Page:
A section of Bland Hoke’s installation, Ripple, which spans a 120-foot chain-linked fence on the north side of the Center for the Arts. Made entirely of recycled materials from businesses and manufacturers, the piece is meant to mimic the flow of water.

Fascinated by the relationship between humans and the planet, Agnes Bourne melds art and sustainability in the Center of the Arts’ newest installation, “Sustain.”

As the Center’s creative in residence, Bourne embraced her role as curator to fill outdoor spaces with works that promote the health and healing of Earth.

Bourne knew she wanted to work with artists who prioritized natural preservation, so she found three who took our planet as their subjects and who created outdoor installations with recycled or natural materials representing trees, water and humanity.

Ben Roth’s installation, “Earthrise,” represents the trees. Roth created a 40-inch varied wooden sphere from about 400 logs to inspire optimism in viewers. He filled the cracks between the wood pieces with dirt and seeds that should transform into a bloom of wildflower in the spring.

Made to look like a ball half submerged in water, “Earthrise” symbolizes hope, Roth said.

“Hopefully, by spring we’ll be kind of coming out of COVID and our political uncertainty and things will be heading in the right direction,” he said.

Roth considers the trees a part of his spirit animal. He enjoys spending hours in the woods, finding dead trees to repurpose and to use to create a space of hope for the community.

Young designer Bland Hoke brings a representation of water to the collection. Hoke’s installation, “Ripple,” is a smaller prototype of a larger project he hopes to someday bring to Jackson. His work spans a 120-foot chain-link fence made entirely of recycled materials from businesses and manufacturers, mimicking the flow of water.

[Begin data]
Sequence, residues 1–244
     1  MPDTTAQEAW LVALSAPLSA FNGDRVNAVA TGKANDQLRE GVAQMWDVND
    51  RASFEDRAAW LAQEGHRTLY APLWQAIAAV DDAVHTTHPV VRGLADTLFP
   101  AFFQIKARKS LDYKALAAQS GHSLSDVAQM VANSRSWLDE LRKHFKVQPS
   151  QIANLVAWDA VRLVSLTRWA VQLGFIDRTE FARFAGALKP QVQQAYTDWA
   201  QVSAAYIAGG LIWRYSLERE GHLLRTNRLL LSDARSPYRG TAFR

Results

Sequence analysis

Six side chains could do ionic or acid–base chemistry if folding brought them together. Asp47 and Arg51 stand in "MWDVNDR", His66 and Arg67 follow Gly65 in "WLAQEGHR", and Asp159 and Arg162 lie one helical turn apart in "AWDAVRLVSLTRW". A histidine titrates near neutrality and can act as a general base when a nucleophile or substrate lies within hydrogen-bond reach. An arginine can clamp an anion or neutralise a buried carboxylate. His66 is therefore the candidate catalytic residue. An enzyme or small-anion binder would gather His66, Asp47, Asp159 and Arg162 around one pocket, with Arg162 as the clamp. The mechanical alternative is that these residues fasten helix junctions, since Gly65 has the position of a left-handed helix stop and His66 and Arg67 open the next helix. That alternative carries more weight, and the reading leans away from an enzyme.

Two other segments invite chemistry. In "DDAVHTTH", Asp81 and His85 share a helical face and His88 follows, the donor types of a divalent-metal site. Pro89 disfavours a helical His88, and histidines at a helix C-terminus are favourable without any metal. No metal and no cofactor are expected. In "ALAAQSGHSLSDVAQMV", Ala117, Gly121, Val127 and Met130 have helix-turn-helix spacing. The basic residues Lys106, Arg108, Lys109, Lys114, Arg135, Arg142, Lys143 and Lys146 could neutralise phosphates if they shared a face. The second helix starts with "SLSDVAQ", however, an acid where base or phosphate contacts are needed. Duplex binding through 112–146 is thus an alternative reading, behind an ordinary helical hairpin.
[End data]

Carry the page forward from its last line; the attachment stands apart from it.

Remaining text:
“I like to create things where you find something and figure out what to do with it,” Hoke said, “versus imagining something in your head and then, you know, finding the right materials to make it out of.”

Part of Hoke’s artistic philosophy, however, brings challenges. As he neared the end of the fence he ran out of materials, leading him to a local energy company that supplied him with bright yellow gas lines. Uncertain at first, Hoke began adding the yellow lines to his prototype and later received feedback that it reminded someone of Van Gogh’s painting “Starry Night.”

“So this yellow gas line is like one of those perfect little solutions that, like, you know, thinking through, making and trying to approach a project as a prototype and learning as you go, is going to be much more fruitful,” he said.

The third artist of the collective, Sam Dowd, focused on the human aspect of Earth. His installation, “Glimpse,” is a totem pole of stacked ceramic face jugs.

“I attempted to make a lot of different expressions, and the idea was to kind of portray a number of emotions that have been going through the community over the past six to eight months,” Dowd said.

Though he hasn’t finished the installation yet, Dowd hopes it will rotate, allowing people to see every angle of all of the faces, generating silly laughter and joy.

Oona Doherty, the Center for the Arts’ creative initiatives director, said the creative in residence is the Center’s largest initiative and involves a guest curator activating spaces throughout the campus.

Bourne, the latest recipient of the title, brings a sense of optimism and a can-do spirit to her project, “Sustain,” Doherty said.

“Especially during these uncertain times,” Doherty said, her “unwavering belief in the power of the arts to transform our lives for the better is a daily inspiration to all of us at the Center.”

The opening celebration of “Sustain” is set for 4:30 p.m. Friday, with an hourlong outdoor viewing followed by a livestream talk with the artists at 6 p.m.

And Bourne is only getting started. Her celebration of humanity, optimism and imagination on the Center for the Arts campus will continue throughout the year, with her next exhibit, “Anything’s Possible” — featuring local designers, painters, sculptures and furniture makers and recognizing the endless possibilities of the past, present and future in Jackson — opening Sept 20.

“The sustainability of the arts here and the subject of the arts here create a future,” Bourne said.

Contact Lauren Teruya by emailing

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